(iv) Additional Details Regarding the DAC 3 System

Dataflow

Customer Sends DICOM Data To MMS Via DAC 3 Device

The CT technician sends data to the DAC 3 device by selecting the correct IP address, port and AE_TITLE to access the DAC 3 device on the hospital's network.

The DAC 3 device notifies the mms_matrix database that it has received a CT scan for processing by writing a new row into the armorcar_incoming data file.

The request_verfication.pl procedure, which runs on the Dicom Server, sends an email to the appropriate hospital coordinator, requesting verification that the CT scan should be processed.

The hospital coordinator logs onto PEMS and verifies that the CT scan data should be processed, updating the ‘verified’ column in the armorcar_incoming data file. This action also creates a row in the armorcar_orders data file that associates a model number to the Study Instance UID of the incoming set of CT scan files.

The DAC 3 device sends the actual CT image data to MMS via the send_image (Mallinckrodt) program. This CT image data is received at the DICOM Server.

The mark_mms_received.pl procedure sets the armorcar_incoming.mms_received flag and emails the hospital coordinator.

MMS downloads the image files from the dicom:/b/DICOM/incoming data file and sets the “ready for modeling” status for the study.

The CT scan data is then processed (i.e., modeled).

The processed data is removed from the /b/DICOM/incoming by delete_incoming.pl data file.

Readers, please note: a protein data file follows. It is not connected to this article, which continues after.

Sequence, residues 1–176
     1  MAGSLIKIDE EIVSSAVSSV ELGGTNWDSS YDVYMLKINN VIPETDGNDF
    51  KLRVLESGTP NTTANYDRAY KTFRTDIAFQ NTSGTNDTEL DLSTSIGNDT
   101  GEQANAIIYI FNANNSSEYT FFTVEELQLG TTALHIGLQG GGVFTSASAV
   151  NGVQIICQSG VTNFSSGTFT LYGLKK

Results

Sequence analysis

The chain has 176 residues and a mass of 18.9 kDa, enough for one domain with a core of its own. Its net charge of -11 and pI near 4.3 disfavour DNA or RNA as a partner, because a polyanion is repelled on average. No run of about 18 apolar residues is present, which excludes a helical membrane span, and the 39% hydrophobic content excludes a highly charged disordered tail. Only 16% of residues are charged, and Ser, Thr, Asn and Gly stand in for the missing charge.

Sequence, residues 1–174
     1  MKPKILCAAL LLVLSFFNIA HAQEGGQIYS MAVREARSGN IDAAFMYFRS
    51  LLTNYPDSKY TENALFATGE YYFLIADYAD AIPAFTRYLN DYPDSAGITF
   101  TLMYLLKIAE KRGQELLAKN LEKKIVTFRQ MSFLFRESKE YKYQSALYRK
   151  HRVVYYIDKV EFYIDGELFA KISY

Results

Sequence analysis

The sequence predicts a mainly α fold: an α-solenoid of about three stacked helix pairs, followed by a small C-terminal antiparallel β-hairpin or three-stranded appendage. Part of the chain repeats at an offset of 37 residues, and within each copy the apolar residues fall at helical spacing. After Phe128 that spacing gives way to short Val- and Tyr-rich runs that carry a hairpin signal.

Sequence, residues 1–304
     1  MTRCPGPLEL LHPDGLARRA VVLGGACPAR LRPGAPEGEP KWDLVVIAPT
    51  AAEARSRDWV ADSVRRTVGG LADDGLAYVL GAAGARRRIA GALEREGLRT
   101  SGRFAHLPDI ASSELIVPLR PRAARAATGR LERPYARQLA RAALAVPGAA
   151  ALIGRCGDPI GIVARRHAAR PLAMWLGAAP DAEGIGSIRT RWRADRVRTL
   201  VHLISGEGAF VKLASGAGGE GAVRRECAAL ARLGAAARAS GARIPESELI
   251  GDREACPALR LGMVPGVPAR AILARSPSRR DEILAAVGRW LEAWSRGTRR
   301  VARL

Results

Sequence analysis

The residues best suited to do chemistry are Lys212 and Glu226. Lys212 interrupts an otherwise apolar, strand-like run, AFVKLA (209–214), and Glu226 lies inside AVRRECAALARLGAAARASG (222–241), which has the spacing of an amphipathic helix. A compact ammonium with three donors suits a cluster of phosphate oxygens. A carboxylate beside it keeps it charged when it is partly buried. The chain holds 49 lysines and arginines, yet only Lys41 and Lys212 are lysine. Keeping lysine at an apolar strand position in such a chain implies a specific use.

Preview Data Is “Pulled” Back To Hospital Institution Via The DAC 3 Device

The MMS Shipper runs the ac_create procedure on a Preview CD to complete the study fulfillment. This tars and compresses the Data directory into a TGZ file, which is secure copied to the FTP server at ftp:/home/drop/dac_repository.

The virtual_mirror procedure creates a hard link of the TGZ file into the appropriate dropbox.

The DAC 3 device polls the U104 database transaction database, preferably about 11 times an hour, to determine which studies have been completed and are available. If the DAC 3 device finds a study (i.e., completed model) in the dropbox, the DAC 3 device scp's the contents locally, verifies the checksum (md5sum) and unpacks the TGZ file to the /mms_preview SMB mount directory on the DAC 3 device.

Finally, the delete_outgoing.pl procedure runs on the FTP Server and removes downloaded studies.

Further Modifications

It will be understood that many changes in the details, materials, steps and arrangements of elements, which have been herein described and illustrated in order to explain the nature of the invention, may be made by those skilled in the art without departing from the scope of the present invention.